“Strengthening Democracy” in Georgia was discussed at a hearing of the US Senate Foreign Relations Committee’s Subcommittee on Europe and Regional Security. The hearing was convened by the Chairman of the European Subcommittee, Democrat Senator Jean Shaheen.
Invited by the US Deputy Assistant Secretary of State for Democracy and Human Rights, Cara McDonald and Deputy Assistant Secretary of State for European and Eurasian Affairs George Kenneth, several Republican and Democrat senators asked questions.
Among them was Senator Jim Rish, a senior Republican member of the Senate Foreign Relations Committee. After the hearing, VOA asked Senator Rish a few questions.
At the hearing, you asked a question about the possible imposition of conditions for assistance to Georgia. What do you think about this conditionality if you can explain this question.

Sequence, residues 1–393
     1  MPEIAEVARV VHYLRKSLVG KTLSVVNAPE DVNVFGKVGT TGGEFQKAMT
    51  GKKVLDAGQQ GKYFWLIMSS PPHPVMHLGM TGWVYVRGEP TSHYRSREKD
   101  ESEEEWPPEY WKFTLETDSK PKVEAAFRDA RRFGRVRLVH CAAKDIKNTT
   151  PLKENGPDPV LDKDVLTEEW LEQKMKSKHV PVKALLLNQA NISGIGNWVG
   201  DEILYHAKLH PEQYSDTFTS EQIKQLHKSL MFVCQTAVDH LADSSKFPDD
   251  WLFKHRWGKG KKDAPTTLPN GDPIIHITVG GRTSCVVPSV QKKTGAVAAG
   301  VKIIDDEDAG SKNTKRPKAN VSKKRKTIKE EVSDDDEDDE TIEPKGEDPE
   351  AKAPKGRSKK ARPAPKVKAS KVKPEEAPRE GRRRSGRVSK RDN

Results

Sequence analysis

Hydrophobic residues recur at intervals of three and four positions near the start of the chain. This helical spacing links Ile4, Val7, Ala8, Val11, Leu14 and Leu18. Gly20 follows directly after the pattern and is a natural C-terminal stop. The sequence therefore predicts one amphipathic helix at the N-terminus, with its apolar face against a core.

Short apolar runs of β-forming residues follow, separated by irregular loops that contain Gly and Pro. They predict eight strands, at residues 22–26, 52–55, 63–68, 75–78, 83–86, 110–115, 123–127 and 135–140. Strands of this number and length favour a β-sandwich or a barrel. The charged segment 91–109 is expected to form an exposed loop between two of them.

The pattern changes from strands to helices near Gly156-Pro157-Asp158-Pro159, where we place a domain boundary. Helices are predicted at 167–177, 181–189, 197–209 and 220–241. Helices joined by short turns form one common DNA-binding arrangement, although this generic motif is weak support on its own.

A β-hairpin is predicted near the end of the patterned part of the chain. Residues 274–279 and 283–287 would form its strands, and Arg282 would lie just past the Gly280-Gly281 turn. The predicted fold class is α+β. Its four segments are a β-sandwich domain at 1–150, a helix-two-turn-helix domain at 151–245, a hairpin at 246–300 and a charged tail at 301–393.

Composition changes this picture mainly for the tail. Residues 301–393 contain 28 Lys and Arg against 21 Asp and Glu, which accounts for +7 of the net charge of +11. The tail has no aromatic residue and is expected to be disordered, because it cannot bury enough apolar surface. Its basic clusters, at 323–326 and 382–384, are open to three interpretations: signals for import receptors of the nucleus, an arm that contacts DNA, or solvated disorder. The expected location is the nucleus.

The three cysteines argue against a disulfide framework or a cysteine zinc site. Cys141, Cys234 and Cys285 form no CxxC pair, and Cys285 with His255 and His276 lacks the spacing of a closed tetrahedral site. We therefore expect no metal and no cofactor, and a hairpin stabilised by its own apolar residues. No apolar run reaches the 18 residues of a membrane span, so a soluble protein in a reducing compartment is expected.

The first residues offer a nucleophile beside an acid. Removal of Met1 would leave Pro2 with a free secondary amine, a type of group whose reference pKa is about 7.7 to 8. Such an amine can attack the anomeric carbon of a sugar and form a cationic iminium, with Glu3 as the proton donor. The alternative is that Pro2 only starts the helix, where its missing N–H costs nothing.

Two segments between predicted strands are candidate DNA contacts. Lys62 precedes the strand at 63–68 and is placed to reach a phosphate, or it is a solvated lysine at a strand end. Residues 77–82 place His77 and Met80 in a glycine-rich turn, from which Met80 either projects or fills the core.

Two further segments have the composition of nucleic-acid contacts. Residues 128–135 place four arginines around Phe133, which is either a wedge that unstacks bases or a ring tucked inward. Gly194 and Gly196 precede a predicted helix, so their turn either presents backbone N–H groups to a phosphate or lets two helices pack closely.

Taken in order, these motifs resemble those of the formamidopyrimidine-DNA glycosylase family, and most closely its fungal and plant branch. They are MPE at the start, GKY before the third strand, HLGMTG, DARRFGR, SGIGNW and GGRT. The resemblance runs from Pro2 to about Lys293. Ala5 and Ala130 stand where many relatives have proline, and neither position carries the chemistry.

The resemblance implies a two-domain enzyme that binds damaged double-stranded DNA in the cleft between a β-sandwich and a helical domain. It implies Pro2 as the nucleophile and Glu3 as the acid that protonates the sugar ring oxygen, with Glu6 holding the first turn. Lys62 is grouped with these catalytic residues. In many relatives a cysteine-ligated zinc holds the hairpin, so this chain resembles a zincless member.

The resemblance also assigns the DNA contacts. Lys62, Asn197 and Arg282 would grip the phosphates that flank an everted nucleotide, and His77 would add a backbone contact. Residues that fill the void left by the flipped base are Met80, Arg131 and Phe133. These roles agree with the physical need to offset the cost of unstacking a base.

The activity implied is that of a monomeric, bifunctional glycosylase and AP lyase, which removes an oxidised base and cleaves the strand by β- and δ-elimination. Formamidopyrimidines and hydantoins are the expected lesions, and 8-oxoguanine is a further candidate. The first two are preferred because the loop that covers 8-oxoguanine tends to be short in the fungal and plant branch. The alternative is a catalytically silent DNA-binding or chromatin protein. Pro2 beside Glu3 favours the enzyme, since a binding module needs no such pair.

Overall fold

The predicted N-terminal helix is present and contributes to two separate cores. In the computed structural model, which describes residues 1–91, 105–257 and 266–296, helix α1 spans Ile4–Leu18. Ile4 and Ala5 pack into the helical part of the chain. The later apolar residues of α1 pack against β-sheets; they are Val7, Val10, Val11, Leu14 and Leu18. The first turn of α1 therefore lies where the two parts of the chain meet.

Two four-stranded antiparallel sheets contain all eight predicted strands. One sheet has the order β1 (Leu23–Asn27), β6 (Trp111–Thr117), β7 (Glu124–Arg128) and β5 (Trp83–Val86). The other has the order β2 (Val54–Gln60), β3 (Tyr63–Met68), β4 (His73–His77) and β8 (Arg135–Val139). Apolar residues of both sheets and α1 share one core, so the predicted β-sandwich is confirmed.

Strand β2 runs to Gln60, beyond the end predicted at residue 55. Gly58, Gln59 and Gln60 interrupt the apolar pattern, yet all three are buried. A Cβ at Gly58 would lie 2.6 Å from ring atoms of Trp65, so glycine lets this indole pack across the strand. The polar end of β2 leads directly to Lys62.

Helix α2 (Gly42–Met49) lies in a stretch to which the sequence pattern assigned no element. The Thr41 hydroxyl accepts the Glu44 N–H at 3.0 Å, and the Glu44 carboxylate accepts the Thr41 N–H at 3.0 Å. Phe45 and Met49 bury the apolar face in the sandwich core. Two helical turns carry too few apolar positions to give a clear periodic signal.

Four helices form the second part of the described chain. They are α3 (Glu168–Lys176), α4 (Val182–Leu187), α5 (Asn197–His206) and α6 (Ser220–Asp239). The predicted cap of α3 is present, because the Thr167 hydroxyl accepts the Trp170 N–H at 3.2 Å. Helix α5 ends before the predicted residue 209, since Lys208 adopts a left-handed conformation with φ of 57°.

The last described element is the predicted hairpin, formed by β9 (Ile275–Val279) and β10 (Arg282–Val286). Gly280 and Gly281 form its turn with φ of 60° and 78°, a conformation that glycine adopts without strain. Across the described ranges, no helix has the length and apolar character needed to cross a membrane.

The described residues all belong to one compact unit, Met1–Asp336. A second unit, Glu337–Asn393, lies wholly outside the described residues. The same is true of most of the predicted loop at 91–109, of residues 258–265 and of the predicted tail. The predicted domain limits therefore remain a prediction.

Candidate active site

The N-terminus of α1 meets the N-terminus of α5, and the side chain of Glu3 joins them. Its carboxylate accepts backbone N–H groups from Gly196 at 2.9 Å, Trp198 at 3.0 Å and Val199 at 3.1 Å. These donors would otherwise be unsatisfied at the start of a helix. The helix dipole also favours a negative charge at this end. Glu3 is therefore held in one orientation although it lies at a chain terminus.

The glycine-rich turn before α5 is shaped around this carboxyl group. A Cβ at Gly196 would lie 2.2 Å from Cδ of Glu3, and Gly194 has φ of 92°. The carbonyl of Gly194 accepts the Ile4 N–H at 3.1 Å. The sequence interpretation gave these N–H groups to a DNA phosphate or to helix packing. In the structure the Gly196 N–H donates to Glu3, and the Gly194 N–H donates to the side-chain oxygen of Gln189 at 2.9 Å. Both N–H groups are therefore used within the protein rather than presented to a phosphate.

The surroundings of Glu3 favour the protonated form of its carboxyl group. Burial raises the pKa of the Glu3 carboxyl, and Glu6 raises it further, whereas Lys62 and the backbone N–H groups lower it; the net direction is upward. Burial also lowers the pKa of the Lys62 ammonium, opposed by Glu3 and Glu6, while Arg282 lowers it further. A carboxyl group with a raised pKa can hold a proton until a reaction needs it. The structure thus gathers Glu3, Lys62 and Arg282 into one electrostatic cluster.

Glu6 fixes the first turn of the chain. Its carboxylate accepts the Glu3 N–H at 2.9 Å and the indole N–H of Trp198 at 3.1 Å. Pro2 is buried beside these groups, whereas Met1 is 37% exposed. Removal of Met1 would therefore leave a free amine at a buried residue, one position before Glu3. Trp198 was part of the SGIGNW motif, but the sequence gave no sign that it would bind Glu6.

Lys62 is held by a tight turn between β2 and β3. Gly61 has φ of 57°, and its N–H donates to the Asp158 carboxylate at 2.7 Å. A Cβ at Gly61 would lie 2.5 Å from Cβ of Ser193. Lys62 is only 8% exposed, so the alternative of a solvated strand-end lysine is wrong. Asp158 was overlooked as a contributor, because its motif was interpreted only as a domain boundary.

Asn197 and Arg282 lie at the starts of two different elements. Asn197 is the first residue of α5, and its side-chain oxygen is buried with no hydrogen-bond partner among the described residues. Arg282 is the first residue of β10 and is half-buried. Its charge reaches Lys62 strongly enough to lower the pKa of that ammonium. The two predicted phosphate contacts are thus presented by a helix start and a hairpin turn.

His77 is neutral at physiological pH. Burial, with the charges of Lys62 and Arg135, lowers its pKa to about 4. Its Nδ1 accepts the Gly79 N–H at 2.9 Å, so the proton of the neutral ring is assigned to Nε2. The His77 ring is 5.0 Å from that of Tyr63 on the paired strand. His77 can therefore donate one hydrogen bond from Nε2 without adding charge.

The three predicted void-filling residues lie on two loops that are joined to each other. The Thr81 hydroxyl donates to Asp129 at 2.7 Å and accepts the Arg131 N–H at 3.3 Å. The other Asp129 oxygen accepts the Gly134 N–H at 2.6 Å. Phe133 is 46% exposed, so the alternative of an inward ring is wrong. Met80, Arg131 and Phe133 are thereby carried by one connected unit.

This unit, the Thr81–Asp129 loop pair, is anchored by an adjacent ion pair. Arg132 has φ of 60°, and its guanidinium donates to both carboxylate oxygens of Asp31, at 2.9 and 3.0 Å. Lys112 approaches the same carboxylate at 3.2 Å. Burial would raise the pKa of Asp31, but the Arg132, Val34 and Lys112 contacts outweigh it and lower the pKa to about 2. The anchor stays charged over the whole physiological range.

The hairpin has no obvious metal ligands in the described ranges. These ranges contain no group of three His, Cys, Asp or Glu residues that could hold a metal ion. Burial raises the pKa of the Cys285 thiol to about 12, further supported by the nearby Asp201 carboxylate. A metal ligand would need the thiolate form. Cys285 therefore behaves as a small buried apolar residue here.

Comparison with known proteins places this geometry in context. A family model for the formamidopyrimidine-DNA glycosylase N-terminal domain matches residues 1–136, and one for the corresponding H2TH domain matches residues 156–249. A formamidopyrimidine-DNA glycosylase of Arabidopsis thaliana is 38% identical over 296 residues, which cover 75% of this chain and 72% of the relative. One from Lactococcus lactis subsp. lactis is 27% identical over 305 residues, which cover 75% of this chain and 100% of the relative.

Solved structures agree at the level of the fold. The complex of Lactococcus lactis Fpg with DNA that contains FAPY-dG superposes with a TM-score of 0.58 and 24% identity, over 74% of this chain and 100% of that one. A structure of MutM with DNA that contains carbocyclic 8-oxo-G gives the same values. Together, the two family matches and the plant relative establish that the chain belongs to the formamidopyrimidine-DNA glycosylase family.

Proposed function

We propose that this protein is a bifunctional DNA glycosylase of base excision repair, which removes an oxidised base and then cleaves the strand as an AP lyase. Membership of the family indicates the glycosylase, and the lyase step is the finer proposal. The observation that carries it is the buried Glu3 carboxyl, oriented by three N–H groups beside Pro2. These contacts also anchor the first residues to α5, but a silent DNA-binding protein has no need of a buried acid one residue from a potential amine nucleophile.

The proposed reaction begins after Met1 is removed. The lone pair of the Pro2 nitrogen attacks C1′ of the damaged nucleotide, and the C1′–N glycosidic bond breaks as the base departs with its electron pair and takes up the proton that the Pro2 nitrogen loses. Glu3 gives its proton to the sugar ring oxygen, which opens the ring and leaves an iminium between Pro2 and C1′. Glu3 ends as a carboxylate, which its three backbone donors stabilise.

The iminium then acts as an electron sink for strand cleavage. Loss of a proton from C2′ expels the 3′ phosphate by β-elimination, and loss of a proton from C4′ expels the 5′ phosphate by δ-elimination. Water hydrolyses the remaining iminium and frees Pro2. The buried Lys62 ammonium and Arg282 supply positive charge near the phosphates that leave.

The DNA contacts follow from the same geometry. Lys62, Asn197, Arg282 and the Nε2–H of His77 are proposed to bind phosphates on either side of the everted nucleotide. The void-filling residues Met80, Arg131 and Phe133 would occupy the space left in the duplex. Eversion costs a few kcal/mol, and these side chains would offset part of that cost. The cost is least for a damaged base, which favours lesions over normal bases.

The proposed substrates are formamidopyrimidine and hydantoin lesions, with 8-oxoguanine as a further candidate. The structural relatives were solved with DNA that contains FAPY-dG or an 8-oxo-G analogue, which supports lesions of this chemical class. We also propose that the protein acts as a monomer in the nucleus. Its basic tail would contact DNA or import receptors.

The very fact that I asked this question clearly indicates that I am thinking about this topic. Many of us here very, very much want Georgia to be successful. We were in the initial elections in Georgia in 2012 and we came back with very optimistic moods. [მას შემდეგ] We have seen a setback and it seems the situation is not improving, it is getting worse. I know that negotiations are underway, mediation is underway. I strongly urge both political parties to sit down and find a way out. If they do not find the right solution now, they will never find it. On the other hand, we help Georgia in many ways, including financially. This cannot continue if there is no progress. At this point it is only considered, but everyone should have it in mind for progress to appear.
Do you have any deadlines in mind?
I do not think we are at the stage to talk about deadlines. Not at this point.
There is an opinion that the government has more responsibility to find a compromise. Do you share this view and do you think the government should do something different?
Government, like political parties, is made up of people. When we talk about negotiation, it all depends on the goodwill, good faith and character of the people involved. If they combine properly, if everyone has one goal, if everyone behaves in good faith, there is no reason why this situation can remain unresolved. Everyone here has a responsibility. Obviously, those in power have a little more responsibility.